Lessons from the pro-Palestine campus movement in the US for India

Student Protest Palestine Gaza USA

By all accounts, the US is a highly policed and regulated state. There are rules, limits and boundaries for everything, including social protests. How to picket on a sidewalk (no stationary protesting; keep moving in a circle); what is private property and what public; whether an amplified mic can be used or only a foghorn. Etc.

A rally a certain size can immediately attract a large police presence and also overhead helicopters. Police  response is a grim reality there with patrol cars, mounted police and police on bicycles and motorcycles maintaining quick access to any trouble spots. Crackdowns and arrests are swift.

And yet, recent years have seen a constant spate of protest and resistance for various social justice causes, including the protests for the targeting of African-Americans.

The recent encampments on the campus of Columbia University by pro-Palestinian protestors is a telling case of fierce resistance and an unbending spirit of protest. As such, the Palestine resistance movement has been embedded in US college campuses for a very long time. So, after the Israeli counterattack on Gaza for the Oct 7 Hamas attack in Israel, the various Justice for Palestine student organizations swung into action to organize protests and demonstrations.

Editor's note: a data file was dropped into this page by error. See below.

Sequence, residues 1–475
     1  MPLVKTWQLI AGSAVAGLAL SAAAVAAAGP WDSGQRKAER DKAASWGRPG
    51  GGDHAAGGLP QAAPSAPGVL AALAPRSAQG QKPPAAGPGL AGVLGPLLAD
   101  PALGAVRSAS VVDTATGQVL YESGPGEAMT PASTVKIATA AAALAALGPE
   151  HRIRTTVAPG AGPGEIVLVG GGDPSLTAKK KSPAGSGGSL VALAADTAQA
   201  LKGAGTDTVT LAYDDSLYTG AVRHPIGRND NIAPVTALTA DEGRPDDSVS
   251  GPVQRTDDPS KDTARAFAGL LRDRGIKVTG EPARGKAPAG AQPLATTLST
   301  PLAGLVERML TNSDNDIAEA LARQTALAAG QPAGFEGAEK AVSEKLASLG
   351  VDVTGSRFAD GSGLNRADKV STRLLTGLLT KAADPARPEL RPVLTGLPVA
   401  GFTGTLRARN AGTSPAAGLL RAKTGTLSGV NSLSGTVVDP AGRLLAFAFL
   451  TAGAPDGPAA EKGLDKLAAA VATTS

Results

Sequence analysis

Some of the initial blowback against them came in the form of charges of anti-semitism. The presidents of 3 premier universities were summoned in front of the House Committee on Education and the Workforce of the US Congress. They especially grilled Harvard University president Claudine Gay, and eventually precipitated her resignation. The Harvard students who were identified in a students’ group statement the day of the  Oct. 7 attack, were “doxxed” (publicly identified). Trucks with their names and pictures were driven around the city to publicly shame them. Several companies who had made offers to graduating students pulled back their offers if any student had any connection with any mode of protest. Donors to the university threatened to withdraw their donations on account of the pro-Palestine response.